China is to undertake a revolution in its development of civil aviation and will take its place at world aviation’s top table by building up to 140 new civil airports by 2020 and encouraging its airlines to form joint ventures with foreign operators.

Talking to delegates at the Asian Aerospace Congress yesterday morning, Wang Changshun, vice minister of the Civil Aviation Authority of China (CAAC), said the mainland government was looking at further market collaborations to boost its domestic market in a move that will require a new type of structure in order to succeed in meeting its new ambitious targets

From a base of 50 airports in 2005, the government will have 190 civil airports by 2020. “We will need to develop new airlines and facilities to meet future infrastructure needs and increase competition by continuing with reform efforts,” says Wang.

He added that to reform the entire industry to meet market needs, not only should small-scale airlines be encouraged, but also large-scale international collaborations and joint-ventures. “We must promote a new type of structure while continuing with our reform efforts and facilitate new brands,” he says.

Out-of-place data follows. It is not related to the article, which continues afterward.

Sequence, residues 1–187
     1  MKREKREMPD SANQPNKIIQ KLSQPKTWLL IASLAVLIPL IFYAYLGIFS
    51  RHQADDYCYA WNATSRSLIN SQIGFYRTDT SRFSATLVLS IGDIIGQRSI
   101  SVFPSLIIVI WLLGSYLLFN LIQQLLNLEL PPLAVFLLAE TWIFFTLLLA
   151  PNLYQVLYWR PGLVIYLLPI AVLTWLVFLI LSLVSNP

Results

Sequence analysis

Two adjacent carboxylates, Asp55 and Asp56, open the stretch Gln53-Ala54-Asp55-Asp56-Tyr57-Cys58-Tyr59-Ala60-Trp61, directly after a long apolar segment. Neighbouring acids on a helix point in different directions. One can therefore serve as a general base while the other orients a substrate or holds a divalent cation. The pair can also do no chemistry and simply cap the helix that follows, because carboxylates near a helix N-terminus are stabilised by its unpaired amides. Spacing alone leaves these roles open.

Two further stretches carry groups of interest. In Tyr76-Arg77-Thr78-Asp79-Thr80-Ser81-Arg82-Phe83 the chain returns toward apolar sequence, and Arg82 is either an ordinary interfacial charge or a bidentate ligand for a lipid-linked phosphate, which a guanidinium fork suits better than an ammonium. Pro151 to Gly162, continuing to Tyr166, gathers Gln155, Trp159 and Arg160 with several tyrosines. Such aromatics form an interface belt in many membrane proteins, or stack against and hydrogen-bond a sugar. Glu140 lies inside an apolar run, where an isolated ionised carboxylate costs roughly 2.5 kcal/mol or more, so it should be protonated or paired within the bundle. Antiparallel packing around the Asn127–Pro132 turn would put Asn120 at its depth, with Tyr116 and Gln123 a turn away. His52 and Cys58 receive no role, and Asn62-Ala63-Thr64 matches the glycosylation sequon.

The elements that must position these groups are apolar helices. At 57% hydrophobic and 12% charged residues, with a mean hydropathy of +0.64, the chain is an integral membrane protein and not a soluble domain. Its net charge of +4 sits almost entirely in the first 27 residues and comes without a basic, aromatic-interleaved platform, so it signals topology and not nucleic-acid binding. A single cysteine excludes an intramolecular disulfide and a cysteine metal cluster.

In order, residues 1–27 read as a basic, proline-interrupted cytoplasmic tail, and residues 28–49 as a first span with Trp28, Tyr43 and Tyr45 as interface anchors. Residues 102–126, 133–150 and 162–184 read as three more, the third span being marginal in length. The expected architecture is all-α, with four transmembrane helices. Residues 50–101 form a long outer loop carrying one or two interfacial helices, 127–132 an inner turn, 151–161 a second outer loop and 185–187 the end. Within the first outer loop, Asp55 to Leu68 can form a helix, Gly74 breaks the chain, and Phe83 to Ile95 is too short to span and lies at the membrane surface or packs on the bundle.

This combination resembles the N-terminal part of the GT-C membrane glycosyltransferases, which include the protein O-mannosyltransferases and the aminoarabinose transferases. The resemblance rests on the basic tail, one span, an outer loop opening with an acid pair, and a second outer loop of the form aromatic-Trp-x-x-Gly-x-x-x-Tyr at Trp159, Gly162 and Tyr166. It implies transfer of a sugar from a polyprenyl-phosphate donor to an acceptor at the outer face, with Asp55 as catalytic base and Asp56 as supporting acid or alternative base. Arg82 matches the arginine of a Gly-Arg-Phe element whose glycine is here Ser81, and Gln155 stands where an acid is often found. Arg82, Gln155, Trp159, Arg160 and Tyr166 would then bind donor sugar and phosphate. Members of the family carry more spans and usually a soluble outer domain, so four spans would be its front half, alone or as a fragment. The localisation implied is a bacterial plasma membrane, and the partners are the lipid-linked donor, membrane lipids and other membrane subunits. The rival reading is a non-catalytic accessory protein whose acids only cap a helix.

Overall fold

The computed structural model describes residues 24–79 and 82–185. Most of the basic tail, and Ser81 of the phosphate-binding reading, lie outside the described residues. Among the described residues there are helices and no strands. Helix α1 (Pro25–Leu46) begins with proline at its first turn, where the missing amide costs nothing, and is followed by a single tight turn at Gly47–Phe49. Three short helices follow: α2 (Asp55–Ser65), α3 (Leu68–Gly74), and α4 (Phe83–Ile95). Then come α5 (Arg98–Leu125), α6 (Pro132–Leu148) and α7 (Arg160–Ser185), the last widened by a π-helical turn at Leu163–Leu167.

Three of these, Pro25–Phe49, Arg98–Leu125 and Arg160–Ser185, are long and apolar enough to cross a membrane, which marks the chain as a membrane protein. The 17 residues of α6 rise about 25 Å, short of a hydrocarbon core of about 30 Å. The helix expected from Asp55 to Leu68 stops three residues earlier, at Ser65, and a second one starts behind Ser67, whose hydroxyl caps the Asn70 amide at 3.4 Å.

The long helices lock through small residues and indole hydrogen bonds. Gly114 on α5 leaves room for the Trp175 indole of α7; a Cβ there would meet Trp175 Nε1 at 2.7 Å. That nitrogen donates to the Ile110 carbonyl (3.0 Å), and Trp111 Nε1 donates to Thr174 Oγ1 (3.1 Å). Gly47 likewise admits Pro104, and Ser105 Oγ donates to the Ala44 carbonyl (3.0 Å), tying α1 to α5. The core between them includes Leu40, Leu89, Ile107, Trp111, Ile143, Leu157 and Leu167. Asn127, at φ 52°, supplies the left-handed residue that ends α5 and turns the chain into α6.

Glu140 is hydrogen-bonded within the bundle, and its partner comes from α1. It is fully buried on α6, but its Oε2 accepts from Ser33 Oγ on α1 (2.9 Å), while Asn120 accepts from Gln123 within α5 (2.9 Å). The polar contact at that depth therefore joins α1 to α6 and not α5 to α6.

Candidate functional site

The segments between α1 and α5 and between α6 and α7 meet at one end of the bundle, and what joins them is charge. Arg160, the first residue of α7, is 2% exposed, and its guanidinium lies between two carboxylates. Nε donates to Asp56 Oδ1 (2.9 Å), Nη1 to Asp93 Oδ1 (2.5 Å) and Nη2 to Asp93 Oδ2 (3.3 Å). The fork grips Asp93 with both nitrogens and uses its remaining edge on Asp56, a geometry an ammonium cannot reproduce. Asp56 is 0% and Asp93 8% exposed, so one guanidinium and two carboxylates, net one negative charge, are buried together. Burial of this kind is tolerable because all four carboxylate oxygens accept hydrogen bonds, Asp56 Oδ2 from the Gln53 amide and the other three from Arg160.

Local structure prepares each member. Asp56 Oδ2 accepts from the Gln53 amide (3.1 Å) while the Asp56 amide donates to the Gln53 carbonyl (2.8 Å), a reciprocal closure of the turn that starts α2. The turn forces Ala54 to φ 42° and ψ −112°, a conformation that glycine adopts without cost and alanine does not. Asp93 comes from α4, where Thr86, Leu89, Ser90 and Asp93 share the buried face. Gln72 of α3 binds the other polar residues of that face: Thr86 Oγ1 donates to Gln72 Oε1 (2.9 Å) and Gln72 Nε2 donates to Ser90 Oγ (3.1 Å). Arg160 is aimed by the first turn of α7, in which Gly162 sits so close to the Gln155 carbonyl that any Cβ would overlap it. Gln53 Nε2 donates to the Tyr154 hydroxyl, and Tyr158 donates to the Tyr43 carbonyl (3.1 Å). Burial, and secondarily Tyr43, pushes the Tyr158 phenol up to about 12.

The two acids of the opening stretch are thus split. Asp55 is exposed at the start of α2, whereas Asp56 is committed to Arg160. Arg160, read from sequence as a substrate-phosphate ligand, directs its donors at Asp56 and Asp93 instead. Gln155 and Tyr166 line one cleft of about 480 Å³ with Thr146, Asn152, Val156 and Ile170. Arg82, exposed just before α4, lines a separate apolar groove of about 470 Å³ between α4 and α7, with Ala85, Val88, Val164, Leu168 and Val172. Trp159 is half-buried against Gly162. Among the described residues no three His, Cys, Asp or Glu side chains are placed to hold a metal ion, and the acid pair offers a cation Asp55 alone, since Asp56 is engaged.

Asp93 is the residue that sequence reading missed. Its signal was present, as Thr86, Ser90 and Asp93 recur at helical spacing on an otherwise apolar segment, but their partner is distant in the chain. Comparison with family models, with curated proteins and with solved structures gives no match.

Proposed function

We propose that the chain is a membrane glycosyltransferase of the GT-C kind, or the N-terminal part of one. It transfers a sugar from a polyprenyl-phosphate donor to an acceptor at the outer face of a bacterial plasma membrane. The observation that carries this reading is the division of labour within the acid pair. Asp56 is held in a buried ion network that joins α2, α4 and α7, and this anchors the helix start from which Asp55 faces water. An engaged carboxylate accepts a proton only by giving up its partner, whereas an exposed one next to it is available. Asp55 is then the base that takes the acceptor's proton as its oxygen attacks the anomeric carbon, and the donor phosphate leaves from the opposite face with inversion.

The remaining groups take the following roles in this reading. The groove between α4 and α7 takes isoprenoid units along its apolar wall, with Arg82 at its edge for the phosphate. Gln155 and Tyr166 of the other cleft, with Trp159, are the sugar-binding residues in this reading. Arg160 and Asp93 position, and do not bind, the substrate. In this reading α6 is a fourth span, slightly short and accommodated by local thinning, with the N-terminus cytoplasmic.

Warning that safety was not yet up to international standards, but would be reinforced with a new safety management system, Wang says the rapid, balanced development of aviation hubs across the mainland would remain a top priority. This included a promotion of the development of routes through Hong Kong, Macau and the Taiwan Straights.

Wang’s comments chimed with the opening address from Eva Cheng, the transport and housing secretary of the Hong Kong government, who says trilateral talks between the civil aviation authorities of Hong Kong, Macau and China are tackling the pressing issue of congestion.

Cheng says the island’s civil aviation infrastructure is being boosted by a $1 billion transportation investment, which will include a commitment to improving baggage handling facilities at Hong Kong Airport, a new hangar for China Aircraft Services, a widening of taxiways for the Airbus A380 and the possibility for a third airport terminal.

“We are looking at different ways to ensure Hong Kong remains the biggest international air freight handling centre and the fifth-busiest passenger airport,” says Cheng. “We are inviting tenders for a third cargo terminal by 2011 and a first study for a possible third runway is being implemented in 2008.”

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Source: Flight Daily News